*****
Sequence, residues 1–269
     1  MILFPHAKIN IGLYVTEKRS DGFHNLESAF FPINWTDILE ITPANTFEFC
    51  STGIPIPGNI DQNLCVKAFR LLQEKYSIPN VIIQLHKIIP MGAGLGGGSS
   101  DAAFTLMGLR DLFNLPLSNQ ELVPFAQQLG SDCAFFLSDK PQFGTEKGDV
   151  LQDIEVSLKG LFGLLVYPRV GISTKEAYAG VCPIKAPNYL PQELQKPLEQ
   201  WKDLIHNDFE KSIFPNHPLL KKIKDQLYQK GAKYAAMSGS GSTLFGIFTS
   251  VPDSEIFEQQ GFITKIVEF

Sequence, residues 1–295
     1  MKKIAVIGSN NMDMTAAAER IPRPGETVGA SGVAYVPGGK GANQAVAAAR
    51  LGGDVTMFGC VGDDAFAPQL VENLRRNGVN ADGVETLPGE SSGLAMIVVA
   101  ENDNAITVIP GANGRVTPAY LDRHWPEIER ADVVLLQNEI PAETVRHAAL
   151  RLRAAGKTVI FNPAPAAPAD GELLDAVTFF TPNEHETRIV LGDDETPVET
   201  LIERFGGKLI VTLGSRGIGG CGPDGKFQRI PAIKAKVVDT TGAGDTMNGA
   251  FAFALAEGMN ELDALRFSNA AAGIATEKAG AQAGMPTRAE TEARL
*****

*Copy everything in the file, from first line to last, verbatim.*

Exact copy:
Sequence, residues 1–269
     1  MILFPHAKIN IGLYVTEKRS DGFHNLESAF FPINWTDILE ITPANTFEFC
    51  STGIPIPGNI DQNLCVKAFR LLQEKYSIPN VIIQLHKIIP MGAGLGGGSS
   101  DAAFTLMGLR DLFNLPLSNQ ELVPFAQQLG SDCAFFLSDK PQFGTEKGDV
   151  LQDIEVSLKG LFGLLVYPRV GISTKEAYAG VCPIKAPNYL PQELQKPLEQ
   201  WKDLIHNDFE KSIFPNHPLL KKIKDQLYQK GAKYAAMSGS GSTLFGIFTS
   251  VPDSEIFEQQ GFITKIVEF

Sequence, residues 1–295
     1  MKKIAVIGSN NMDMTAAAER IPRPGETVGA SGVAYVPGGK GANQAVAAAR
    51  LGGDVTMFGC VGDDAFAPQL VENLRRNGVN ADGVETLPGE SSGLAMIVVA
   101  ENDNAITVIP GANGRVTPAY LDRHWPEIER ADVVLLQNEI PAETVRHAAL
   151  RLRAAGKTVI FNPAPAAPAD GELLDAVTFF TPNEHETRIV LGDDETPVET
   201  LIERFGGKLI VTLGSRGIGG CGPDGKFQRI PAIKAKVVDT TGAGDTMNGA
   251  FAFALAEGMN ELDALRFSNA AAGIATEKAG AQAGMPTRAE TEARL